Hopf invariant one, III: K-theory

Let p:E\to X be a vector bundle over X, and let f:Y\to X be a continuous map. There’s an induced bundle over Y, given by f^\ast(E) = \{(x,e)\in Y\times E|p(e)=f(x)\} (what’s the projection map?). Suppose p:E\to X is a vector bundle; the following result states that this is classified by a map from X to some space.

Lemma: There’s a universal bundle, denoted \xi^\mathbf{C}_n, over a space BU(n), which induces \xi^\mathbf{C}_{n,k}, such that any rank n vector bundle over a paracompact space X is induced by a map X\to BU(n), and two such bundles are isomorphic if they’re induced by homotopic maps.

Proof. Let G^\mathbf{C}_{n,k} denote the space of n-dimensional complex linear subspaces of \mathbf{C}^{n+k}. The open subsets of G^\mathbf{C}_{n,k} are sets of subspaces which intersect an open subset of \mathbf{C}^{n+k}. We can define a vector bundle \xi^\mathbf{C}_{n,k} over G^\mathbf{C}_{n,k} via \xi^\mathbf{C}_{n,k} = \{(x,e)\in G^\mathbf{C}_{n,k}\times\mathbf{C}^{n+k}|e\in x\}. If i:G^\mathbf{C}_{n,k}\to G^\mathbf{C}_{n,k+1} is induced by the inclusion \mathbf{C}^{n+k}\to\mathbf{C}^{n+k+1}, then i^\ast(\xi^\mathbf{C}_{n,k+1})=\xi^\mathbf{C}_{n,k}. Thus we can consider the union of G^\mathbf{C}_{n,k} under the inclusion maps to define the classifying space BU(n) of the unitary group U(n). QED.

Let’s consider the inclusions U(1)\to U(2)\to\cdots U(n)\to U(n+1)\to\cdots, and denote by U its direct limit. The classifying space of U is denoted BU. This is also the direct limit of the inclusions BU(1)\to BU(2)\to\cdots BU(n)\to BU(n+1)\to\cdots. It’s easy to see that a general vector bundle over X corresponds via the above important result to a map X\to BU, and this vector bundle is of rank n if n is the minimal integer such that the map X\to BU factors as X\to BU(n)\hookrightarrow BU.

Definition: Let X be a fixed base space that is compact and Hausdorff. Denote by K(X) the Grothendieck group of \mathrm{Vect}_\mathbf{C}(X) of isomorphism classes of finite-dimensional complex vector bundles over X with addition given by \oplus and multiplication given by \otimes. Denote by \widetilde{K}(X) the kernel of the map K(X)\to K(\ast), induced by the inclusion \ast\to X. This is called reduced K-theory. There is an analogous definition of KO using real vector bundles.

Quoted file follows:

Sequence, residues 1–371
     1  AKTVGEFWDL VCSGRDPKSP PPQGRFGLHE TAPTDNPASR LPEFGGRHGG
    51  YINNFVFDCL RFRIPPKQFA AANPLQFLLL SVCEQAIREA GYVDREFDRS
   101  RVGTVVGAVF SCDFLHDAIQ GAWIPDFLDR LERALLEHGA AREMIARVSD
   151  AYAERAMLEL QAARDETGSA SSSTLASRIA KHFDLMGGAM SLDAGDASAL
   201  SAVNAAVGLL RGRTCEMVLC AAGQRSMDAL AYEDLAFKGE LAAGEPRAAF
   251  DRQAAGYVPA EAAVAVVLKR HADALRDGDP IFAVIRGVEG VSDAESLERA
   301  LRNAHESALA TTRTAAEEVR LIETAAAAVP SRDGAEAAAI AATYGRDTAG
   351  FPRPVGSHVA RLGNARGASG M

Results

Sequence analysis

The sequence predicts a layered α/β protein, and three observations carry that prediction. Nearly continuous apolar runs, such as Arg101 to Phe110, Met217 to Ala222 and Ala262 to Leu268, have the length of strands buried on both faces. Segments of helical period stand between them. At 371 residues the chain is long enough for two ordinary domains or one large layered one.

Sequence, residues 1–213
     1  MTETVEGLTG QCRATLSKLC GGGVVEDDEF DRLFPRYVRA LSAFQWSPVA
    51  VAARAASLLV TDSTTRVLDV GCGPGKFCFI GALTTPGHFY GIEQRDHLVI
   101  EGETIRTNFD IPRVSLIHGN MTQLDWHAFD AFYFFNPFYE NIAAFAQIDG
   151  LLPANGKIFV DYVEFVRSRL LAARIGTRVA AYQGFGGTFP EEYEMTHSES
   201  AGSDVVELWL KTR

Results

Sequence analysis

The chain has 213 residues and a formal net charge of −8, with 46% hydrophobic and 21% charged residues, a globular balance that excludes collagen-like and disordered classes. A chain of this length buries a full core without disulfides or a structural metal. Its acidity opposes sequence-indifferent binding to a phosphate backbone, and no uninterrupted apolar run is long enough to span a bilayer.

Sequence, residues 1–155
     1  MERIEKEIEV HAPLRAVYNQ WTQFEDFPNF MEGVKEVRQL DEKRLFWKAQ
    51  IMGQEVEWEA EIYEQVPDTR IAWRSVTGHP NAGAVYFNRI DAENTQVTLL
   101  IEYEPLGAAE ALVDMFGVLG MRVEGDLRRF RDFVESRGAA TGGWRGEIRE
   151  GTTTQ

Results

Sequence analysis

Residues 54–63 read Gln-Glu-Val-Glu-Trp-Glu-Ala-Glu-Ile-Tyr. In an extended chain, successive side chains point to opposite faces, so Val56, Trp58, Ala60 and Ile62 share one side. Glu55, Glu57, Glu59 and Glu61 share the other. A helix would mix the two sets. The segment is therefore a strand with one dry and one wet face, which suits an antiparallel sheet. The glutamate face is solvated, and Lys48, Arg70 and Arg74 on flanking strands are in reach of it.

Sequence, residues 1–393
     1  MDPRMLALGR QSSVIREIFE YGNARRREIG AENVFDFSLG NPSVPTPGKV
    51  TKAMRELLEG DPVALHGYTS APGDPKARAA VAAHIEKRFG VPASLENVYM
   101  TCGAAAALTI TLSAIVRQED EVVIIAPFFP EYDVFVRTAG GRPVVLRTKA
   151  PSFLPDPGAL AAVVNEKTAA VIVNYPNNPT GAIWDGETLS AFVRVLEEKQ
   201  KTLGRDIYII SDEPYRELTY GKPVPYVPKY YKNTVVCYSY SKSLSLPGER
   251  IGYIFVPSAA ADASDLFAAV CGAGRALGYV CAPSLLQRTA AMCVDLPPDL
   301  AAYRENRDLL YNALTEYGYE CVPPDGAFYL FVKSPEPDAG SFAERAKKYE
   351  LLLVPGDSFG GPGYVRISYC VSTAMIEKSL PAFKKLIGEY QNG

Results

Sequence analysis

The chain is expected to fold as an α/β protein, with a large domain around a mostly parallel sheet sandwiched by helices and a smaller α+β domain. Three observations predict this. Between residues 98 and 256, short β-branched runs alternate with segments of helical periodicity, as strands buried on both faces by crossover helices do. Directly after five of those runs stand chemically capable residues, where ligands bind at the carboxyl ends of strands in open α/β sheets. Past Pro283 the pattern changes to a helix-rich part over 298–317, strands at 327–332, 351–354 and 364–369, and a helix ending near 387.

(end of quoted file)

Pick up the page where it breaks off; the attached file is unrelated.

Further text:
Example: If X=\ast, then \mathrm{Vect}_\mathbf{C}(\ast)=\mathbf{N} and thus K(\ast)=\mathbf{Z}.

Before going to the next example, we will prove the following lemma from linear algebra.

Lemma: \mathrm{GL}_n(\mathbf{C}) deformation retracts onto U(n).

Proof. Let A\in\mathrm{GL}_n(\mathbf{C}), and consider the QR decomposition A=UP where U is unitary and P is a upper triangular matrix. Define h:\mathrm{GL}_n(\mathbf{C})\times I\to U(n) as:

matrix

QED.

What follows is a more nontrivial computation, namely that of \widetilde{K}(S^2). I learnt this from Professor Miller’s lecture notes (http://www.math.harvard.edu/~ecp/latex/misc/haynes-notes/haynes-notes.pdf). We can write S^2 as two disks glued at the equator (which is S^1). The disks are contractible and hence any vector bundle is trivial, i.e., is of the form D^2\times\mathbf{C}^n. Any vector bundle on S^2 can be trivialized on the hemispheres, and thus are completely determined by choosing a linear isomorphism \mathbf{C}^n\to\mathbf{C}^n in a continuous manner. In other words, \mathrm{Vect}_n(S^2)=[S^1,\mathrm{GL}_n(\mathbf{C})]=\pi_1\mathrm{GL}_n(\mathbf{C}). The map S^1\to\mathrm{GL}_n(\mathbf{C}) associated to a complex n-dimensional vector bundle E\to S^2 is called the clutching function. This statement is true even if we place S^2 with S^k for some k (and replace S^1 with S^{k-1}).